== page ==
Where We Work
See our interactive map
Last week, I visited the Kenya Medical Training College, about 200 miles east of Nairobi, for the opening of the Kitui Centre of Excellence for Family Planning and Reproductive Health, covered in a recent AllAfrica.com article, “Kitui Opens Model Family Planning Centre.” To me, this new center is a revolution in pre-service education and shows our commitment to providing high-quality training in family planning and reproductive health. I was joined in my enthusiasm for this new center by Professor Peter Anyang’ Nyong’o, the Kenyan minister for medical services as well as many other senior government officials, partners, and colleagues who attended the event.
The new Centre of Excellence will support faculty at the Kenya Medical Training College (KMTC) to explore, develop, and apply innovative teaching methods in the instruction on reproductive health and family planning. The Centre will also offer critical training in reproductive health and family planning to nursing and medical students working in public, private, and faith-based organizations. It is my hope, and that of many others involved in the Centre’s launch, that the Centre will also offer ways to help health workers bridge the gap between knowledge and practice—meaning between what they learn in the classroom and what they see in the clinic—and that they can use their experiences in the field of reproductive health to improve their competency and performance.
The new Centre is drawing support and creating collaborations among many groups involved in health education. For example, the professional councils for nurses and clinical officers are involved in reviewing and revising the family planning component of the Centre’s curriculum. KMTC faculty members will participate in periodic pre-service and in-service family planning and reproductive health training at the Centre to brush up on their skills. The Centre is also contributing to regional knowledge sharing networks, including the Eastern, Central, and Southern Africa–Health Community (ECSA-HC). The new Centre offers promise for the future of reproductive health work and training for Kenyan health workers, and it has been a project that was many years in the making.
One of the major milestones in moving towards the realization of this center happened three years ago under IntraHealth International’s previous global project. In 2008, the Capacity Project teamed up with the ECSA-HC to organize a contraceptive technology update workshop in Dar es Salaam, Tanzania, for midwifery tutors, with USAID support. This workshop really highlighted the fact that faculty in the region needed more support and the latest evidence on family planning to effectively teach students in pre-service education programs.
Recognizing this gap, IntraHealth and ECSA-HC conceptualized the Centre of Excellence and began collaborating with a number of other groups such as the KMTC’s central administration, representatives of the Nursing Council of Kenya, staff and faculty at the college’s clinical practice sites, as well as the administration and faculty of Kitui campus. Following an assessment of the KMTC’s organizational and institutional needs, the newly created Capacity Kenya project acted on some of the recommendations including developing an e-Learning system and skills lab and beginning the work of creating the Centre.
The second milestone in the lead up to the launch of the Centre was the Performance Needs Assessment conducted by the Capacity Kenya project, the Ministries of Health in Kenya, and key stakeholders in the health sector. Next month, we will release the final results of this assessment, but one of the immediate findings is that training institutions, like the KMTC, need better resources. It is a need that the Capacity Kenya project is working to meet by improving the facility here and helping transform this campus into a model for other Kenyan training institutions.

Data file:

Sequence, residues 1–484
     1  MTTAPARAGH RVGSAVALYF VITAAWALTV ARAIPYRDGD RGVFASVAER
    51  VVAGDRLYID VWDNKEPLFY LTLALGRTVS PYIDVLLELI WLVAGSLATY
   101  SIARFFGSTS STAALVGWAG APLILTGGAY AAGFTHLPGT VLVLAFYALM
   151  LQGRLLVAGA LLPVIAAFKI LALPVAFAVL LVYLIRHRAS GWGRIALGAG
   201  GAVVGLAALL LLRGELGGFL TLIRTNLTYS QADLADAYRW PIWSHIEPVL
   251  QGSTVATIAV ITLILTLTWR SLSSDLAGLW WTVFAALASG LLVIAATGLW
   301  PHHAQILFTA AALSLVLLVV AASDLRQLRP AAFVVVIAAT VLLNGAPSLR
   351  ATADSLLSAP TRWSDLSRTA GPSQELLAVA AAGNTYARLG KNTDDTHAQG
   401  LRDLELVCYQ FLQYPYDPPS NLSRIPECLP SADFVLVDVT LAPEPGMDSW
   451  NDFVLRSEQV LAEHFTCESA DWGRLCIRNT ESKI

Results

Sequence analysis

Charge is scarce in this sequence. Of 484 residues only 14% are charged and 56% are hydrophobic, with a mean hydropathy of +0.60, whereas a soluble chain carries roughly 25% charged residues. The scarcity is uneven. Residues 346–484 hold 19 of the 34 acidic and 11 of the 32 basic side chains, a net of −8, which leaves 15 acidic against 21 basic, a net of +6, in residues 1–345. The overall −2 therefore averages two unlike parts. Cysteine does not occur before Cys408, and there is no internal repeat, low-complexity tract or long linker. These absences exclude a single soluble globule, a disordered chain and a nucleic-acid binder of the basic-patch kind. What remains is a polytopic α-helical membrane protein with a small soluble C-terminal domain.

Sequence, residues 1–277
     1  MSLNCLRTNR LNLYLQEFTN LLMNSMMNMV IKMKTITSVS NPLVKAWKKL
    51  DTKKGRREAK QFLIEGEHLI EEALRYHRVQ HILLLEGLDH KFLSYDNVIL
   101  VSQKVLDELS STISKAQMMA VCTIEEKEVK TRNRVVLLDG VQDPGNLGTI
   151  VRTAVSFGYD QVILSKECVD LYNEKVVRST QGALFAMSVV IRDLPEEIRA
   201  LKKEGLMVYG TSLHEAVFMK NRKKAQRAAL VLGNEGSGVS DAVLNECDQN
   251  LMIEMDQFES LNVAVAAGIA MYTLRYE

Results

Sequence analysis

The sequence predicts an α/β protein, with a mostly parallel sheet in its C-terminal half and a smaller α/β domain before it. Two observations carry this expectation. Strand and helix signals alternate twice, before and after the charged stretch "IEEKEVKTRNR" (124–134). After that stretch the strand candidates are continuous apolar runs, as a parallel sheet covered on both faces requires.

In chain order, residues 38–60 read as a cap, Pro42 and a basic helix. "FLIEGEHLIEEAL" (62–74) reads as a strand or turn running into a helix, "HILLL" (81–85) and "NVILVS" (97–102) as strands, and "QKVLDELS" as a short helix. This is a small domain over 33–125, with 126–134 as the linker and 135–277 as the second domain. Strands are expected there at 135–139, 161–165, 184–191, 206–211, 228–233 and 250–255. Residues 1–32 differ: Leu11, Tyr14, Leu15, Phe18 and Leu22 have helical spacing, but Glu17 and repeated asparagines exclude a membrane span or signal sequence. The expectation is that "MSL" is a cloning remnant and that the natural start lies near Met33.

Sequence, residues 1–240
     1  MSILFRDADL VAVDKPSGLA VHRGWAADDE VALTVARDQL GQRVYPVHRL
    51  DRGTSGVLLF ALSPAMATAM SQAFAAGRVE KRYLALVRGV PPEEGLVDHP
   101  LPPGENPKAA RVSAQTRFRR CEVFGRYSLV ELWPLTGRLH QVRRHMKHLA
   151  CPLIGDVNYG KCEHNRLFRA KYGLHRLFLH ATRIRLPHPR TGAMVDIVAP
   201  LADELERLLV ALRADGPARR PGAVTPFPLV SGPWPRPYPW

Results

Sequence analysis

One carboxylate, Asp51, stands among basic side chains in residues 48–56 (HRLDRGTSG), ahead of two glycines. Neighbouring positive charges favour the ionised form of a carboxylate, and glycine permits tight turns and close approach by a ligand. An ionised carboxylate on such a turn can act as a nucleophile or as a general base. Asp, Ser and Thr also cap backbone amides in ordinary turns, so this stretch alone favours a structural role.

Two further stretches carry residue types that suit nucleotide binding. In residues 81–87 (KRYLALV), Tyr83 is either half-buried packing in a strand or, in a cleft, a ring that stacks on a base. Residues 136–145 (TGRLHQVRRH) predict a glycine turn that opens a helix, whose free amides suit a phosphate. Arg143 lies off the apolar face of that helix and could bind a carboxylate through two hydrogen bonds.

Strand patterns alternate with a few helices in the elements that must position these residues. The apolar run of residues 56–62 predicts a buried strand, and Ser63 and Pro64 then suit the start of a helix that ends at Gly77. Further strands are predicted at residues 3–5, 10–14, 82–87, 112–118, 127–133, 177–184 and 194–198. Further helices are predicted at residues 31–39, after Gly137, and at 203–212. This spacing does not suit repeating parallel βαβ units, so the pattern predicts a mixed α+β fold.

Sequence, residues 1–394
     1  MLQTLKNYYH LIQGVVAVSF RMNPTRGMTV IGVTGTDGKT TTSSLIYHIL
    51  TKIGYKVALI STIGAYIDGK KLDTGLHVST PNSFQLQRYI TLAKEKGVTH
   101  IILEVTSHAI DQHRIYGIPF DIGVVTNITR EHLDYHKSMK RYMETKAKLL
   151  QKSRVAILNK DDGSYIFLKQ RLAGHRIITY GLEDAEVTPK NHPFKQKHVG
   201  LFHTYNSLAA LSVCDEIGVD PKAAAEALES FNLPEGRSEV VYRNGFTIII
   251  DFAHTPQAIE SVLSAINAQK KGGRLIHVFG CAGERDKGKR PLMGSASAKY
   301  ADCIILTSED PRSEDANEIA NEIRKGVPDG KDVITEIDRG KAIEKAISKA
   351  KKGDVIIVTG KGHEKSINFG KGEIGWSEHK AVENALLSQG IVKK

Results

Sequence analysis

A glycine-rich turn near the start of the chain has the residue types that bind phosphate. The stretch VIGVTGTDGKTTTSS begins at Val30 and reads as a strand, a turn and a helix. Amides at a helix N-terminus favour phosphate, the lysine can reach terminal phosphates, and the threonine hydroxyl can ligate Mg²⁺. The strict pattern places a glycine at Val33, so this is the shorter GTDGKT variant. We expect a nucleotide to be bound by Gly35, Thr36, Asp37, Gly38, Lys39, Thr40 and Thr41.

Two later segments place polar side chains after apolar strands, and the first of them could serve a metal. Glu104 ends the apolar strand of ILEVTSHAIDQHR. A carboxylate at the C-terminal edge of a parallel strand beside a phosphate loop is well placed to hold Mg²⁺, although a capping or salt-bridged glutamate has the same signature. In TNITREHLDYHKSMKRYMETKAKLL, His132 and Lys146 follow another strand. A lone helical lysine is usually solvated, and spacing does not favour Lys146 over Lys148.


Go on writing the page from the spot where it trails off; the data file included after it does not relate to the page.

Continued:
As a part of this work, project staff has been collaborating with the college staff to improve the school’s information technology infrastructure by providing a server, computers, a LAN (local area network), and other equipment.
In collaboration with KMTC and the Ministry of Health, the project has also worked to better coordinate national health training systems and support the development of pre-service and in-service education and continuing professional development programs. The African Medical and Research Foundation has also partnered with IntraHealth and supported KMTC to:
Finally, recognizing that for health workers, especially, learning doesn’t occur only in the classrooms, the Capacity Kenya project is partnering with the University of North Carolina, School of Nursing to work with KMTC-Kitui staff to build better skills labs and provide students with better clinical placements so that students have more opportunities to practice and learn the skills they will need in the clinic.
At the event last week, I watched the ministers keenly and patiently listen to the students skillfully explaining the family planning and reproductive health procedures on a tour of a skills lab and seek clarification at every work station. These interactions left me with no doubt that the Centre for Excellence had just secured a commitment from the highest level policymakers and will have a major impact in Kenya. It showed through, too, in the off-the-cuff speeches that the ministers made later that day; they even insisted on the promotion of one the lecturers, who displayed unique clinical tutorial skills, and the ministers then sponsored a special dinner for all students that evening as appreciation. The Centre for Excellence is truly a milestone in the health sector.
Get the latest updates from the blog and eNews